People have been sending me stuff. Here is what it looked like on the Dixie Fire when a spot fire took off in heavy fuels with a good wind. Also it captures the mood for the last day of this crew’s roll on the fire.
The same areas we’ve been talking about for past week were again active this afternoon. The images below show fire spread on afternoon of September 5.
The southeast side of the fire added about 8,000 acres, filling in some of the unburned area between the Dixie and Beckwourth Complex. The fire did not push much to the south. The light blue shape in center of this image is 2021 Dotta Fire. The biggest problem with the current fire spread in this area the approximately eight miles of unsecured perimeter on the south end, about half of which is in areas that will take a long time to control, even with forecasted favorable southwest winds. There are no north or east winds in the forecast for at least five days, but as long as we have uncontained fire on this southern flank, there is a potentially dangerous setup for spread back to the southwest when they arrive.
At the scale of our current fire and with a large amount of active fire to the northeast, the relatively small footprint of the Dotta Fire doesn’t buy much advantage.
Where fire was at 9:30pm on September 4.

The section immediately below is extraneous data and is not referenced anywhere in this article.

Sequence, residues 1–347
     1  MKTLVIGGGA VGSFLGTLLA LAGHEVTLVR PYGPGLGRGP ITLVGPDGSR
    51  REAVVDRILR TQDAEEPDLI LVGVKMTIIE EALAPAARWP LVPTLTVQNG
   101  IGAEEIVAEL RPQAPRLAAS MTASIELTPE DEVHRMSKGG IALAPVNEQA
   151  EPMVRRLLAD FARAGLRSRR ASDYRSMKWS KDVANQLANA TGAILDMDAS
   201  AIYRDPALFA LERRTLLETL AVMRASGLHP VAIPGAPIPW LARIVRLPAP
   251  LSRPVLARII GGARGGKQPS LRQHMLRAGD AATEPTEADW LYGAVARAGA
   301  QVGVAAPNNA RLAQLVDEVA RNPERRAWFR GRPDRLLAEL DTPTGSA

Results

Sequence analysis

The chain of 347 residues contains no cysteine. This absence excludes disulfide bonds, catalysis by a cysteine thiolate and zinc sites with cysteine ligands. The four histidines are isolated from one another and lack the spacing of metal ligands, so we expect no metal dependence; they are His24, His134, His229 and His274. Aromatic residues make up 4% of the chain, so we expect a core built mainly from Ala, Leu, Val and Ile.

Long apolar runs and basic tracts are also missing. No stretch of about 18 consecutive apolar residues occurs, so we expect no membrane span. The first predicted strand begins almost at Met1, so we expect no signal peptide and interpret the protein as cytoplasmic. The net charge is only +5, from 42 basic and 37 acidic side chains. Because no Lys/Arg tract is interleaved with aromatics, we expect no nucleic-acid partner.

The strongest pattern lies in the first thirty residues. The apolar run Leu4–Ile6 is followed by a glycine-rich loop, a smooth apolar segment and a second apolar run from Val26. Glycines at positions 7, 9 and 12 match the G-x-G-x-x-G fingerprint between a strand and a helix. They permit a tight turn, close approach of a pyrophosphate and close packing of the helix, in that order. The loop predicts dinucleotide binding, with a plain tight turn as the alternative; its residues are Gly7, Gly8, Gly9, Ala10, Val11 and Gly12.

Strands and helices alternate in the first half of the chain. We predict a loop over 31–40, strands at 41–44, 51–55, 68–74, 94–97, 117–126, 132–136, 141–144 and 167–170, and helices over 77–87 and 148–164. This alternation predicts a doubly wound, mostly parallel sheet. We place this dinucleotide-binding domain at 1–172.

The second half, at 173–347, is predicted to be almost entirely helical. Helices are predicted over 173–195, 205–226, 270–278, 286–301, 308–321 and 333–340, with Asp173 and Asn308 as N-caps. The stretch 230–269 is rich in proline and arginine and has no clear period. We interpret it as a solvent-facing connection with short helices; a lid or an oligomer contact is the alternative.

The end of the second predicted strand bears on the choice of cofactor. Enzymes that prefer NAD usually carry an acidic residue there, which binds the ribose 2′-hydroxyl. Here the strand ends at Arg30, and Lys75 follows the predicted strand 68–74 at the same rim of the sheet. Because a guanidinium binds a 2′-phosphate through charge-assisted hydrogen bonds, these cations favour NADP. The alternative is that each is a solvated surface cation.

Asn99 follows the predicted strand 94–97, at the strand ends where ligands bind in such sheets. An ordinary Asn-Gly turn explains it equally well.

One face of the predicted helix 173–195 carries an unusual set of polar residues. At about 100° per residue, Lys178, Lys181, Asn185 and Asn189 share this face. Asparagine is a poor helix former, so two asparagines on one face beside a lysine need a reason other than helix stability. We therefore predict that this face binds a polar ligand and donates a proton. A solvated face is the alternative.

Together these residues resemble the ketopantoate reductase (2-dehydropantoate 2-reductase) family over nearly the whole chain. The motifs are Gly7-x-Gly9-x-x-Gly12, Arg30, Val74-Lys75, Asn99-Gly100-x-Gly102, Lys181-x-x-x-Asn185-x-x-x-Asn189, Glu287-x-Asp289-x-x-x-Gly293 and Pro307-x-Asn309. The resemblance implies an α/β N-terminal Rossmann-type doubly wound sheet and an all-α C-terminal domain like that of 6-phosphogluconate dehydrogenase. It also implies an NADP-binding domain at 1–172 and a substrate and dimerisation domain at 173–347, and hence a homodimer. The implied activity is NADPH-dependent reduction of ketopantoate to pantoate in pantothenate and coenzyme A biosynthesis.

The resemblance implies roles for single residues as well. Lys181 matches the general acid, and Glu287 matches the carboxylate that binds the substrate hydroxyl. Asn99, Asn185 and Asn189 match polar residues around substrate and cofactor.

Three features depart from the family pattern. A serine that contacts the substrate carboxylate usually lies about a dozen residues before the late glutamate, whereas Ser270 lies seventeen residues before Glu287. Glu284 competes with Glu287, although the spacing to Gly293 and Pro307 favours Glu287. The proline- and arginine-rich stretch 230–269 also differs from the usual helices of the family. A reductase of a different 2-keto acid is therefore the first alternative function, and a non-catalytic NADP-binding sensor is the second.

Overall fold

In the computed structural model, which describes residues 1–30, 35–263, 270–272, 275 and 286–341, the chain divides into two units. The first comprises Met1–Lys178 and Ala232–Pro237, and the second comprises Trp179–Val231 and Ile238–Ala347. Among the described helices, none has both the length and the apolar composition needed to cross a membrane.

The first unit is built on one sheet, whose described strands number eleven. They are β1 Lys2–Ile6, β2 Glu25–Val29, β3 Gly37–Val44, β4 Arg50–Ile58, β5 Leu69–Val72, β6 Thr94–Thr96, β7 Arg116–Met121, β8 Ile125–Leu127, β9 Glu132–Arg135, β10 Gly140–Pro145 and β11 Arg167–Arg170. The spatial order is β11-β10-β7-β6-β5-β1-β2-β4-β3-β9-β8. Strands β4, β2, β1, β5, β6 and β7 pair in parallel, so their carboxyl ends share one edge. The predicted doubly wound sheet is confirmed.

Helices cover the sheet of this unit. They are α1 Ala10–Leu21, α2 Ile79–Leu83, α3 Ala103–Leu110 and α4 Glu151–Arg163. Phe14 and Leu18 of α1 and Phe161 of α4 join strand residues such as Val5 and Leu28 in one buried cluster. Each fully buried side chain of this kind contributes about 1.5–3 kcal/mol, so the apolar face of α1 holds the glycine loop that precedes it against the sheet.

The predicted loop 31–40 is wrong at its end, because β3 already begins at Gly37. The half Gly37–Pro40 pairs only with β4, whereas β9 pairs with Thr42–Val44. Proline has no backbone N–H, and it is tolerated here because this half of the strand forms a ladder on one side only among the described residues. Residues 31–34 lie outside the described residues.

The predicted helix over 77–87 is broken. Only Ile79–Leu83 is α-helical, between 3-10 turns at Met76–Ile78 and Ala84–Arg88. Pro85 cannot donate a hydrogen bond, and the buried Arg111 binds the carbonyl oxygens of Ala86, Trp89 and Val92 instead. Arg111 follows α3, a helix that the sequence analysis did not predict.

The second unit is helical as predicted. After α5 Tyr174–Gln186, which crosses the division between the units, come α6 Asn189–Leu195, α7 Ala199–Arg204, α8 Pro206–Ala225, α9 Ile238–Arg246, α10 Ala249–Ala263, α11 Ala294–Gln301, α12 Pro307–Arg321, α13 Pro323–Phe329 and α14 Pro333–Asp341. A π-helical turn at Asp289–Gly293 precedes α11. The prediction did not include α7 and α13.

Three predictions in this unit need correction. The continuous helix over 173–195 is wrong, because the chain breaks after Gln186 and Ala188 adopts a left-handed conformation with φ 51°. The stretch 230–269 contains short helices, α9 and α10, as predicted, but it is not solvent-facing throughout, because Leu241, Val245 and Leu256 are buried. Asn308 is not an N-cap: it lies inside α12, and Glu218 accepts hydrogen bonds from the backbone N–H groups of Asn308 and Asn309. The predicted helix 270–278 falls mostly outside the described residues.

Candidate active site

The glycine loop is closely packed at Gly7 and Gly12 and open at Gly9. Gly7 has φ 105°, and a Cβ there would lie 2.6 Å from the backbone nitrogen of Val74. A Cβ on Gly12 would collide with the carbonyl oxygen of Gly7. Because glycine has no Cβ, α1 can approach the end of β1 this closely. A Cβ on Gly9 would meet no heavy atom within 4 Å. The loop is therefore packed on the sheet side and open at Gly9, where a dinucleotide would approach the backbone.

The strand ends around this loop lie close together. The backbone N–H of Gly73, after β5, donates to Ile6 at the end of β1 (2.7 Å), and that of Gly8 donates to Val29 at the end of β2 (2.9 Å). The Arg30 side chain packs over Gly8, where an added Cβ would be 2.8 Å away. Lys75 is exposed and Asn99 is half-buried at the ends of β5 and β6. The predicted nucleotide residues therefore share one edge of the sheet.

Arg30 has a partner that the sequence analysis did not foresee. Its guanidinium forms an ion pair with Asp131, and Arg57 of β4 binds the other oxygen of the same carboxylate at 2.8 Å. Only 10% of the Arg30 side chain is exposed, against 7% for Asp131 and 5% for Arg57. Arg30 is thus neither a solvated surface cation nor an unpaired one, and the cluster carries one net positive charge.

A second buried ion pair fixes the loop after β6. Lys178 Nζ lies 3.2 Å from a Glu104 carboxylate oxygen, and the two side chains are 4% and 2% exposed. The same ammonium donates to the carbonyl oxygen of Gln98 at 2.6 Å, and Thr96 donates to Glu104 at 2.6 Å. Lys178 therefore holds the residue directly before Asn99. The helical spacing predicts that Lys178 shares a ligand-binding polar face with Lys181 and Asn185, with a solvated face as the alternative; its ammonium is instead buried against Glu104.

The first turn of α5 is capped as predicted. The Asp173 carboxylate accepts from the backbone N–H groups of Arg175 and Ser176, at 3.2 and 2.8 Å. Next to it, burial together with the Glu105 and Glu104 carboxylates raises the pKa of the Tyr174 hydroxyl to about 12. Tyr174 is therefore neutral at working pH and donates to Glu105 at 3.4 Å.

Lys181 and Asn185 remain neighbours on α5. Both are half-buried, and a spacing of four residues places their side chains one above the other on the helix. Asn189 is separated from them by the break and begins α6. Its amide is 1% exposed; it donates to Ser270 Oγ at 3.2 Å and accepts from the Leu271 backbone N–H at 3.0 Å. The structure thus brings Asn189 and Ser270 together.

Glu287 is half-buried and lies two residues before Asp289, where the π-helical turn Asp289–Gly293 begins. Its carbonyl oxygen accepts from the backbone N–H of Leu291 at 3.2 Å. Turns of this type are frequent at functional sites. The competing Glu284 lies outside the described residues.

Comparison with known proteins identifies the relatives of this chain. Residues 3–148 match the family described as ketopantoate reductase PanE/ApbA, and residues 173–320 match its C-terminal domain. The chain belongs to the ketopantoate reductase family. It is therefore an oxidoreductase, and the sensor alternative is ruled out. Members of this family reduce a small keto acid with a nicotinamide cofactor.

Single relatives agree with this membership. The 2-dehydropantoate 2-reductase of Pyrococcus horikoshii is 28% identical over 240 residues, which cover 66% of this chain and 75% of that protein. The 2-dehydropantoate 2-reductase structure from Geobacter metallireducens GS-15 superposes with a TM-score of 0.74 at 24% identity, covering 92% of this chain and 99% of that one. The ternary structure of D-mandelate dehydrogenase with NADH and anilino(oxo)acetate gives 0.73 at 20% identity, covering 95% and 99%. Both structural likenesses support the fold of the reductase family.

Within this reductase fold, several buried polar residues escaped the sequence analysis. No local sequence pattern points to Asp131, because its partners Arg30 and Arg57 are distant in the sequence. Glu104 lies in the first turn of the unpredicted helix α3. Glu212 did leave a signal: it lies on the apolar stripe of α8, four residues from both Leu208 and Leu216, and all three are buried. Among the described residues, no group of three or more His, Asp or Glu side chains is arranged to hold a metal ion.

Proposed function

September 5 at 4:50pm.
Fire in Dixie Valley on the western edge of this area appears to have held to the north of what white man’s maps still call ‘Squaw Valley Road.’ Crews pushed a bunch of new dozer line today, and while it’s too soon to criticize them for that, I’ll be sure to let you know if the fire blows over them.
6:30pm on September 5. A couple fingers of new fire are showing on the heat imagery where the fire is dropping slowly off the Escarpment. 2021 Beckworth Fire is the pale area on the left.
A little bit of heat on Grizzly Peak above Taylorsville at 6:30pm, 9/5/2021.
A 30 acre spot fire was taking off this afternoon (9/5/2021) near Bogard. The light colored polygons around the spot fire are mastication projects (mowing of small trees and brush) in tree plantations.
Mastication is on our list of wildfire hazard reduction projects, and while it sometimes helps with firefighting, it isn’t really a fuel-reduction technique. All of the fuel remains onsite, so it’s more of a fuel rearrangement technique. Mastication leaves a big pile of kindling in the forest until the material rots, which can burn like the sun under the right conditions. Often masticated units leave too much surface fuel in them for prescribed burns. Not the best tool in many circumstances, but mastication has its place in our quiver of vegetation management tools.
Within the 2012 Reading Fire, the fire ran a mile north down the valley of Hat Creek today. It is still two-three miles from the edges of the Reading Burn. White areas on this maps are various different fuel reduction projects including tractor piling of brush to prepare areas burned in 2012 for planting of trees. Purple line is the Lassen Park boundary. This spread puts some pressure on the team to get the north end of the Reading Fire tied in, which as we mentioned previously, has been difficult due to the greenness of the young buckbrush in the burn.